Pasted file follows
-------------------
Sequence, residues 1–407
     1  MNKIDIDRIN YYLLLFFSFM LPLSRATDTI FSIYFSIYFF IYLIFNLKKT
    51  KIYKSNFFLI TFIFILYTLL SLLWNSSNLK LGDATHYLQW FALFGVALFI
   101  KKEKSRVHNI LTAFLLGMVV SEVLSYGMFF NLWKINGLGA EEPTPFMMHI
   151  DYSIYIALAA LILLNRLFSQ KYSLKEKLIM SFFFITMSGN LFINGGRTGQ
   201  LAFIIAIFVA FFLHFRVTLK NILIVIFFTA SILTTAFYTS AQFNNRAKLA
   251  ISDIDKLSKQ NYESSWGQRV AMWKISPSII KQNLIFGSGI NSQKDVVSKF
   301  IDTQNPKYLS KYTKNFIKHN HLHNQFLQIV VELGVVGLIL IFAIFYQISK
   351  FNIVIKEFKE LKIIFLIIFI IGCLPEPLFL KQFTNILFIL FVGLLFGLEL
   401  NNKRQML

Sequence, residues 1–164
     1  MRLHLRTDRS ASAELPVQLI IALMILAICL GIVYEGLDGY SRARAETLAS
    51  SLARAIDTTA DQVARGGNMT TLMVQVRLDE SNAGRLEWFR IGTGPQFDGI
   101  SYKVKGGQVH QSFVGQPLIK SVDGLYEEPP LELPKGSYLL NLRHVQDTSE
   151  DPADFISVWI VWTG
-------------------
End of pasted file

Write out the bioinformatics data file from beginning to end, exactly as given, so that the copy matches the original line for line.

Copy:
Sequence, residues 1–407
     1  MNKIDIDRIN YYLLLFFSFM LPLSRATDTI FSIYFSIYFF IYLIFNLKKT
    51  KIYKSNFFLI TFIFILYTLL SLLWNSSNLK LGDATHYLQW FALFGVALFI
   101  KKEKSRVHNI LTAFLLGMVV SEVLSYGMFF NLWKINGLGA EEPTPFMMHI
   151  DYSIYIALAA LILLNRLFSQ KYSLKEKLIM SFFFITMSGN LFINGGRTGQ
   201  LAFIIAIFVA FFLHFRVTLK NILIVIFFTA SILTTAFYTS AQFNNRAKLA
   251  ISDIDKLSKQ NYESSWGQRV AMWKISPSII KQNLIFGSGI NSQKDVVSKF
   301  IDTQNPKYLS KYTKNFIKHN HLHNQFLQIV VELGVVGLIL IFAIFYQISK
   351  FNIVIKEFKE LKIIFLIIFI IGCLPEPLFL KQFTNILFIL FVGLLFGLEL
   401  NNKRQML

Sequence, residues 1–164
     1  MRLHLRTDRS ASAELPVQLI IALMILAICL GIVYEGLDGY SRARAETLAS
    51  SLARAIDTTA DQVARGGNMT TLMVQVRLDE SNAGRLEWFR IGTGPQFDGI
   101  SYKVKGGQVH QSFVGQPLIK SVDGLYEEPP LELPKGSYLL NLRHVQDTSE
   151  DPADFISVWI VWTG